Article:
In a Fox News article from yesterday, the following is said:
Congress is turning up the heat on President Obama to cut the backlog of Veterans Affairs disability claims, which has gone up by 2,000 percent while the agency’s budget has increased by 40 percent over the past four years. …
“As a reminder, during this same time period, Congress has given (Veterans Affairs) everything it has asked for in terms of more funding and more employees,” said the bipartisan Senate letter. “However, this has not eliminated the backlog of claims. … This country must be grateful for the safe homecoming of every single man and woman who has served in harm’s way.”
Veterans Affairs officials point out the agency has completed a record 4.1 million claims over the past four years but acknowledge more work remains.
But, I work for the VA. Here is what I can tell you without violating any guidelines. I have not received any cost of living adjustment for three years. This is thanks to those who insisted that those of us who work for the Federal government somehow are overpaid. However, in my job category the Federal government was forced to add a “locality adjustment” many years ago because our technical GS classification pays so low that it would be impossible to get VA employees if it were not for the “adjustment.” Now we are slowly returning to the low pay which prevented good employees from being hired.
At another VA for which I worked, they were told that they were not allowed to hire replacement “techs” for those who resigned, retired, etc., in part because of the money crunch. At one point, the clinical laboratory for which I worked at that time was up to seven people short, by our reckoning, and we had difficulty in getting approval to hire replacements. We got up to seven people short because eventually people began to resign or transfer because they felt overworked. This is not the fault of the VA. This harks back to the same Congress who is complaining so much.
The VA is not perfect by a long shot. And, it is a government bureaucracy. What I have learned is that the same huge amounts of paperwork are required here as in any Federal agency. But, I have also learned that many parts of the paperwork are required because of some Congressional mandate or other which requires us to “prove” that we are complying with one or another of their directives.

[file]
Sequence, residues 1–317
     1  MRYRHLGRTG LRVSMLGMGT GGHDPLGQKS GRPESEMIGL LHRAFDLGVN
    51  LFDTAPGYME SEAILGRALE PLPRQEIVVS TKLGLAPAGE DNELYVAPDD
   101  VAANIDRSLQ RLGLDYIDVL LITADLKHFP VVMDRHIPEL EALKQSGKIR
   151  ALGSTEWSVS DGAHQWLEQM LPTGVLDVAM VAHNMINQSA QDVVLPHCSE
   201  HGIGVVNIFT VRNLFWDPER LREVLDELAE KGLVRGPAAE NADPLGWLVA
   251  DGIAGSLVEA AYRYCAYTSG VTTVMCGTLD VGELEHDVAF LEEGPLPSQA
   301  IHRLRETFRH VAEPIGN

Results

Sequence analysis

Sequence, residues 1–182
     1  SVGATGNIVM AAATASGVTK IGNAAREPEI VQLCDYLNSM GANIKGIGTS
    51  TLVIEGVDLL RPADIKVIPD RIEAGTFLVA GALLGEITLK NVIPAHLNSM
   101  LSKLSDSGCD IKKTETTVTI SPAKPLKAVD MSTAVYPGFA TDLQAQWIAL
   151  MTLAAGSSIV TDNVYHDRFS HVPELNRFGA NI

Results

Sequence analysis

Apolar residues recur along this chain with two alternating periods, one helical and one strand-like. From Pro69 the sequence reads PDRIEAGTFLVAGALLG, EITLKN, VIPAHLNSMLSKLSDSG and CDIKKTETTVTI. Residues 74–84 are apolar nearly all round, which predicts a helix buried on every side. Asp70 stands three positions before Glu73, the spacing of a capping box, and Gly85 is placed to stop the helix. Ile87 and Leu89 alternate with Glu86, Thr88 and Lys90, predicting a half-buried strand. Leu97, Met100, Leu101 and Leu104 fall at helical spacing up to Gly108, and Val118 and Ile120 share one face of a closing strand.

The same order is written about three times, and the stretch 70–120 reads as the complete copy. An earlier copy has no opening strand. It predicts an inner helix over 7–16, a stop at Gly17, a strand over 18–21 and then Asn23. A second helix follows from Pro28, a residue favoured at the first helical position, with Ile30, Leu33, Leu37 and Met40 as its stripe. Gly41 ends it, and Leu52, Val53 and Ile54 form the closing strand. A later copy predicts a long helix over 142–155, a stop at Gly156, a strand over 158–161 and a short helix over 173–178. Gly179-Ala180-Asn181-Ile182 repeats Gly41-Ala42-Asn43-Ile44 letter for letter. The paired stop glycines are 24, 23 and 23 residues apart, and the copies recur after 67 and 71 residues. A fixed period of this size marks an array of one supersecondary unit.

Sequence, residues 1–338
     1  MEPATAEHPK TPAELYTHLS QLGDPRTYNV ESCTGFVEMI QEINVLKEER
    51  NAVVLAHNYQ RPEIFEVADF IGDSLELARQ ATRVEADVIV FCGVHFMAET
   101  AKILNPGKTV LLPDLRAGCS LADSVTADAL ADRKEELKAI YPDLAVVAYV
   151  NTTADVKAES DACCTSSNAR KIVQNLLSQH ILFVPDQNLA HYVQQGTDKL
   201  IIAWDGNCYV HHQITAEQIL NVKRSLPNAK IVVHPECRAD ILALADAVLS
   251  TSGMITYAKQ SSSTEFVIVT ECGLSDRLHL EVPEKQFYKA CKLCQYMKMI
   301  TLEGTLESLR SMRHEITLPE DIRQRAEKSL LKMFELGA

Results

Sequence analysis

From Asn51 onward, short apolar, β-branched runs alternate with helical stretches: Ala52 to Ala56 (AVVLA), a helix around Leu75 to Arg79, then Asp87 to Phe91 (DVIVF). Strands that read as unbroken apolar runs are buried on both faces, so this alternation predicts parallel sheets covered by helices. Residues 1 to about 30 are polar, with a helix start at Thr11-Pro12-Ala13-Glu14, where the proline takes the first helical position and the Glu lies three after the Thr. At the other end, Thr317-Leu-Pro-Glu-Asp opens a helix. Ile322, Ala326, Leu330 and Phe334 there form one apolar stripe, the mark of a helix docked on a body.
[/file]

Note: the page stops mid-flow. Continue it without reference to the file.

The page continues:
But, the only way to “prove” compliance is by way of written proof (think lawyers). Thus, if there is a mandate to reduce paperwork, then you must have new paperwork to prove that you have reduced the old paperwork. Can you see the Catch-22 in this way of thinking?
Moreover, in the current climate, government bureaucracies are under vastly increased and quite partisan scrutiny. Let me give you one instance. Recently, a self-righteous report came out about how the VA had produced a training film that supposedly crossed the line by using a Star Trek theme. Yet, it is quite normal for private industry to produce training films with “cute” themes. They are meant to catch and keep the interest of the employee so that the training message is communicated. But, in the current state of the Congress, somehow using private industry methods is wrong.
Has the VA misbehaved? Yes, there is one famous recently convention in which it did. But, by and large I would defend the VA in many things. The reports you read in the news are not fully accurate, at least from the viewpoint of the common employee in the VA. The news media is as caught up in Washington as is the Congress. What may be happening among high-up Federal bureaucrats is completely foreign to the ground troops who are slogging it out in the trenches of your local VA hospital.
You will find no overpaid bureaucrats in your local VA hospital. You will find people working all too hard with not enough resources or pay. We, in the USA, have wanted to fight wars that have lasted over a decade but complain about the high price that we have to pay to care for our veterans. We grant unlimited benefits and then complain because they are used. We want VA employees to care for an increasing number of veterans while imposing greater and greater reporting burdens on them. We want VA employees to care unstintingly for the veterans, but stint on their pay. But, Congress insists that it is all our fault.
It is not. Should I mention that nearly half of all VA employees are veterans? Would it surprise you that we feel as though we are receiving mixed messages?